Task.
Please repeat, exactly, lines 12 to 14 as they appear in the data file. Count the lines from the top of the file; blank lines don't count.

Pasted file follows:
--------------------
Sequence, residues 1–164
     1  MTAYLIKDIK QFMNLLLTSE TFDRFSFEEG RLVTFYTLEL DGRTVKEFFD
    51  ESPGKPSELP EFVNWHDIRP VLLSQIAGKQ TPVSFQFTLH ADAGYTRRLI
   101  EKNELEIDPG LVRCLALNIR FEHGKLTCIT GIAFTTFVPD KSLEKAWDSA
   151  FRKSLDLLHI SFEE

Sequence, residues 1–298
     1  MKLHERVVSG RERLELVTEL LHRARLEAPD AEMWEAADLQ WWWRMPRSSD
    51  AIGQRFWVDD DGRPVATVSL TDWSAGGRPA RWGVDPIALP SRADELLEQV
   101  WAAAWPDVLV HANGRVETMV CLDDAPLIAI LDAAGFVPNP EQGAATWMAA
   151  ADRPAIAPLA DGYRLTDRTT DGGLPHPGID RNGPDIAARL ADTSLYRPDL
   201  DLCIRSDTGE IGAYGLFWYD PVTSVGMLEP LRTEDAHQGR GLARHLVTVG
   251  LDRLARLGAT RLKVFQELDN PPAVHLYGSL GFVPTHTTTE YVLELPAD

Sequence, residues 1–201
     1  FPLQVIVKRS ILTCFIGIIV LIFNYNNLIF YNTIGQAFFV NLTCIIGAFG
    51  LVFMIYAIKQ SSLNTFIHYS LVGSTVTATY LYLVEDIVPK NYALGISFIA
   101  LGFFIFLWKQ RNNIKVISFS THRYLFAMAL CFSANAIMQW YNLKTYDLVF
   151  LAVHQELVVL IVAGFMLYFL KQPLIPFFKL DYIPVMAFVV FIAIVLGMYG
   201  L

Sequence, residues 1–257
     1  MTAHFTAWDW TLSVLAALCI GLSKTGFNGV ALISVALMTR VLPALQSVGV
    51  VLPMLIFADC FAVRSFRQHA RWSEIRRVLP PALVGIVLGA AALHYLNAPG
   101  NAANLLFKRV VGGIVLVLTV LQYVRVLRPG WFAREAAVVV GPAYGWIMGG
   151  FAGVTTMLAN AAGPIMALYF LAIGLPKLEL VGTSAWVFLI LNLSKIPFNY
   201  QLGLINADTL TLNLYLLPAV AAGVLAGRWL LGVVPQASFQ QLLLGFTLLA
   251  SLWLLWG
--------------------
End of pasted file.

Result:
   251  LDRLARLGAT RLKVFQELDN PPAVHLYGSL GFVPTHTTTE YVLELPAD

Sequence, residues 1–201
     1  FPLQVIVKRS ILTCFIGIIV LIFNYNNLIF YNTIGQAFFV NLTCIIGAFG